When Matilda expressed her shock and worse, her pity, that Miss Honey was too poor to have real butter, I could no longer be Matilda. (It got worse when I entered academia and encountered criticism that described the Wormwoods as trashy and lower class – I had always thought of them as rich.) When Hermione – the bolshy, bullied scholarship girl I identified with so closely – appeared on screen with a cut-glass accent, I could no longer be Hermione. And if these disappointments still weigh heavy, if the shame meted out to the ChLA audience can cause harm to even the most resilient and privileged academic, how much worse the shame, how much more urgent to redress, is it for the children who need justice most?

With Reese’s keynote, many of the conference presentations and between-session conversations, and this recent article on the violent misogyny of literary classics  ringing in my ears, I went home and took a long hard look at myself and my bookshelf.

While these conversations continue to inform academic work and activism, ChLA-goers will cross paths again at ChLA 2019 in Indianapolis, where the theme will be ‘Activism and Empathy’. The 2019 keynote speaker will be Professor Michelle Martin, who spoke at Cambridge in 2016 on the dangers of the single story. Recognising that this blog post has been a single story of ChLA, I encourage you to remember that there are many others.

Michelle Martin & J Elizabeth Mills on Crossover Scholarship

Professor Michelle Martin and J Elizabeth Mills presenting ‘Crossover Scholarships’. Photo credit Sarah Hardstaff

 

With thanks to Madison McLeod for additional photographs; in my jetlagged condition, most of the photographs I took were of big American sandwiches.

more sandwiches

I wasn’t joking. I really really like big American sandwiches.>

 

 

2 comments

  1. I keep coming back to what Hannah Gadsby said in “Nanette”: “When you soak a child in shame, they cannot develop the neurological pathways that carry thoughts of self-worth.”
    Shaming is abusive and destructive, and has no place in academic discourse.

    Like

  2. Thank you for your comment, Emma. I agree with what you’re saying, particularly relating to the effects of shame on individuals. But I started wondering what justifications, if any, there might be for shaming. I’ve sketched out a few ideas but these are very much open questions.

    Caveat – I’m in the countryside with limited connectivity and no computer, so these are not researched comments, just a few thoughts.

    1. Can an exception be made for rhetorical shaming?

    For example, in the case of Reese’s ChLA keynote described above, shame seemed very much a device to prompt the audience to empathise with children rather than an attempt to emotionally destroy an entire room of delegates.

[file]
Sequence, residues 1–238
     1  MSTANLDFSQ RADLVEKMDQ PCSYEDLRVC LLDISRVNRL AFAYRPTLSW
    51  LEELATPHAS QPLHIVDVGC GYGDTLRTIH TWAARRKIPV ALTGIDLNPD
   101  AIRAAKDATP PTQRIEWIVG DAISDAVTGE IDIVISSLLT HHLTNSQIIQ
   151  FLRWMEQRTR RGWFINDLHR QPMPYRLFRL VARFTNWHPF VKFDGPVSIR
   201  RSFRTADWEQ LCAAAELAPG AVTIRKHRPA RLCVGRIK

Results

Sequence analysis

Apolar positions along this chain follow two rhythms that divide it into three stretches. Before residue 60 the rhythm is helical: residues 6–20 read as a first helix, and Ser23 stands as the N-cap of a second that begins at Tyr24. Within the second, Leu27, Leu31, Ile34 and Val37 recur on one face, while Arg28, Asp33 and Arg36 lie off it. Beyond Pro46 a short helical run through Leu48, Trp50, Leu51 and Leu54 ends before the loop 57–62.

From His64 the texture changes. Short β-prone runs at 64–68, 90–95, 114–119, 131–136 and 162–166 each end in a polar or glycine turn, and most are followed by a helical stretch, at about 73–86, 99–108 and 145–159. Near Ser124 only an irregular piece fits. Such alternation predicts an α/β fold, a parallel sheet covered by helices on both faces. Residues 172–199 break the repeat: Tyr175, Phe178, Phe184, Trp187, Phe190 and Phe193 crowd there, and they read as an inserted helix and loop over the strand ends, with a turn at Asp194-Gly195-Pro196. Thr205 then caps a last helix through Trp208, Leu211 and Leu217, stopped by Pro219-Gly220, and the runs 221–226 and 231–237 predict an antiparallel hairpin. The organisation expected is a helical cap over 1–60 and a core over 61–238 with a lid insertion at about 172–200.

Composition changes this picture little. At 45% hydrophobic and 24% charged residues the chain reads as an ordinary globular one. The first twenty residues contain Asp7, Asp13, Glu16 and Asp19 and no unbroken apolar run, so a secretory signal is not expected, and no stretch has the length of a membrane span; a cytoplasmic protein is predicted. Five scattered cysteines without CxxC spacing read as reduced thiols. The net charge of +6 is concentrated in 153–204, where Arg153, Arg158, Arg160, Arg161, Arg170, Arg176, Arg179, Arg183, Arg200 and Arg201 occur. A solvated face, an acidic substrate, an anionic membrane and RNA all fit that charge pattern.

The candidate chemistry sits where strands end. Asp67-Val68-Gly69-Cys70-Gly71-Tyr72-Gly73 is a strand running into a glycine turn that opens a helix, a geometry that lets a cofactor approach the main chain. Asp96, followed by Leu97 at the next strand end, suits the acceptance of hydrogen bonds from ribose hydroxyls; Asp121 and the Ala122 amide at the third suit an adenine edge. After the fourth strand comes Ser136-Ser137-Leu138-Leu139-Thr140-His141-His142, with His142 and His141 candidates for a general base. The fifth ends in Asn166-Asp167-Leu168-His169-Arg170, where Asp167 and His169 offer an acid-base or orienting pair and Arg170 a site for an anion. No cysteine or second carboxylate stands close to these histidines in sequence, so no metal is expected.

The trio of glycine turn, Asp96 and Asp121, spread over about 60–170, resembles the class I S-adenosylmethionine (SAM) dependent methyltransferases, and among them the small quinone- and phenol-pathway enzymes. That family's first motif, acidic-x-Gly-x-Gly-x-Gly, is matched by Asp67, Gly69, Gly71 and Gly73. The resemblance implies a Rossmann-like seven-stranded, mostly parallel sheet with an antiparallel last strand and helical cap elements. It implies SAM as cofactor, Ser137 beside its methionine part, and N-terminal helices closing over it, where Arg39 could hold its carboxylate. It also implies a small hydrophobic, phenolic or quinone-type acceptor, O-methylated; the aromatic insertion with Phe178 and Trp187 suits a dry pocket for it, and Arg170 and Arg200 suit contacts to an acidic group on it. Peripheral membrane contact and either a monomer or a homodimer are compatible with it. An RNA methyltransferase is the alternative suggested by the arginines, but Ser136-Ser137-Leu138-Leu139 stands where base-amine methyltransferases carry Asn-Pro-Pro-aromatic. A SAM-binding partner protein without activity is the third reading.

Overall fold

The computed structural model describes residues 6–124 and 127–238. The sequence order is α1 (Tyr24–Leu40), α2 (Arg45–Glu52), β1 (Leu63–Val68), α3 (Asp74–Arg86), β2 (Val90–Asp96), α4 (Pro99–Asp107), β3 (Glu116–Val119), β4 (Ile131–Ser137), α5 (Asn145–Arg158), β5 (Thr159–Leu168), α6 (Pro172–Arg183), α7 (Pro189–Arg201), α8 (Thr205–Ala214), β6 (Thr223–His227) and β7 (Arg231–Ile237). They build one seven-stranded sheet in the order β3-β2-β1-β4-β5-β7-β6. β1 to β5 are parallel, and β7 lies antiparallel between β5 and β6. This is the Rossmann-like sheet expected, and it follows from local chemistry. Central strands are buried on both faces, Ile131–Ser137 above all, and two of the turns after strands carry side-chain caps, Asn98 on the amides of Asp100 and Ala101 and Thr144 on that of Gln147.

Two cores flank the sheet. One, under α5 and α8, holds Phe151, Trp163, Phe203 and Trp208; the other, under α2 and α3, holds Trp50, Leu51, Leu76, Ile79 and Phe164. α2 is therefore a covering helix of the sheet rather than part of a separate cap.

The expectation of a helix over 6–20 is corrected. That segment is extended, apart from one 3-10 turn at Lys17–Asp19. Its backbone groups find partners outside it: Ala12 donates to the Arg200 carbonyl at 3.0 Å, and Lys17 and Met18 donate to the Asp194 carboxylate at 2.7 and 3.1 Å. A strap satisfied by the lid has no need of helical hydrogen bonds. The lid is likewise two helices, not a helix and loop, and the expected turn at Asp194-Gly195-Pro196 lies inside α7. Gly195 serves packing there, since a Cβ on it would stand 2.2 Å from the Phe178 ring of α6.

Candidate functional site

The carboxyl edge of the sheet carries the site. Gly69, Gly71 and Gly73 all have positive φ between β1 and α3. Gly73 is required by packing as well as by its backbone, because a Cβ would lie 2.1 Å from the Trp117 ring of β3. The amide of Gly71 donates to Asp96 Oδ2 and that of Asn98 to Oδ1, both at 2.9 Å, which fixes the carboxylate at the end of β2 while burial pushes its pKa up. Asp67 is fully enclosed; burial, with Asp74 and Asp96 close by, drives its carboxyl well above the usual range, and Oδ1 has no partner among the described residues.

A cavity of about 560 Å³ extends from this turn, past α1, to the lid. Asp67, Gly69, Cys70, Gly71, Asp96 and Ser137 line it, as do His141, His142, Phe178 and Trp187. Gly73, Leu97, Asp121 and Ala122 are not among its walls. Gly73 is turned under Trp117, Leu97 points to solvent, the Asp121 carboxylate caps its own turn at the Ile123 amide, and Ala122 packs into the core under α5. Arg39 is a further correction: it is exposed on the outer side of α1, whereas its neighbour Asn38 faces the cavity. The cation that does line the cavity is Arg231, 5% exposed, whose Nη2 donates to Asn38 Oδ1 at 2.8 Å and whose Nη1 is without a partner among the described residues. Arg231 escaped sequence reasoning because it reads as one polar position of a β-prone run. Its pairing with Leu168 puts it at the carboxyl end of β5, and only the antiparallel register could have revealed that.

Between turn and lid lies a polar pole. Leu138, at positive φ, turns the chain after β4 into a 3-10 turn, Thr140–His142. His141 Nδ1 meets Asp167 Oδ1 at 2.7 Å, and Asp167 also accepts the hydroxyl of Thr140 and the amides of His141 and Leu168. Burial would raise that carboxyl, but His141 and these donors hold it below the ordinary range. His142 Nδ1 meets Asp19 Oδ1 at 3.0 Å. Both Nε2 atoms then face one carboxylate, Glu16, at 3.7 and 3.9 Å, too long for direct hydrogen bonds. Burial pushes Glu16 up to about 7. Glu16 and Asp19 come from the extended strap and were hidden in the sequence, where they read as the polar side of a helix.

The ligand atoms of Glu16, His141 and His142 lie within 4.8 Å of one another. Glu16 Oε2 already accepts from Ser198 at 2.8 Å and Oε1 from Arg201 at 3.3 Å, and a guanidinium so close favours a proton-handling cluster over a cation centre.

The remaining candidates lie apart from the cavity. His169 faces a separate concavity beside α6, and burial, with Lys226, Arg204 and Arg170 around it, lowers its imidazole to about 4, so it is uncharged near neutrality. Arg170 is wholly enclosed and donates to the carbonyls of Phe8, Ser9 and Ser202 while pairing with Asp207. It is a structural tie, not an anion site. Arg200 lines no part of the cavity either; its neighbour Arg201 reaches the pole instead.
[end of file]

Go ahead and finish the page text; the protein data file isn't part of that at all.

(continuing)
2. Can we ever accept that shaming might be the lesser of two evils or a means to an end?

    I’m thinking in particular of this piece: ‘The Social Shaming of Racists is Working’ (https://www.thenation.com/article/the-social-shaming-of-racists-is-working/)

    Shaming is destructive, yes. But there are some things that really deserve to be destroyed.

    3. What if shame is the last resort?

    Our societies need urgent change. Being patient and polite is not working.

    See Anthea Butler on the limits of ‘civility’ (https://www.nbcnews.com/think/opinion/democrats-will-lose-2018-if-they-don-t-shut-about-ncna891196)

    4. Academic discourse is mired in shaming

    I was most struck by your comment that shaming has no place in academic discourse. This is so far from my experience: I find ritual humiliation is baked in to academia. I am not saying this is a good thing, but it is helpful to put incidences of shaming into a realistic context rather than assuming academic discourse is some kind of higher, nobler form of communication sullied only by the pesky demands of activists.

    Like you, I am very uncomfortable with the shaming of individuals and the effect this can have on mental health. But I do not think that shaming motivated by social justice concerns, the kind that (not coincidentally) is most often criticised, is somehow worse than shaming someone by writing a mocking peer review report, interrupting someone while they’re speaking to ‘correct’ their grammar, or publicly asking a question that someone will struggle to answer or that belittles their work.

    Academia is racist, classist, sexist, ableist and deserves to be called out.

    Liked by 1 person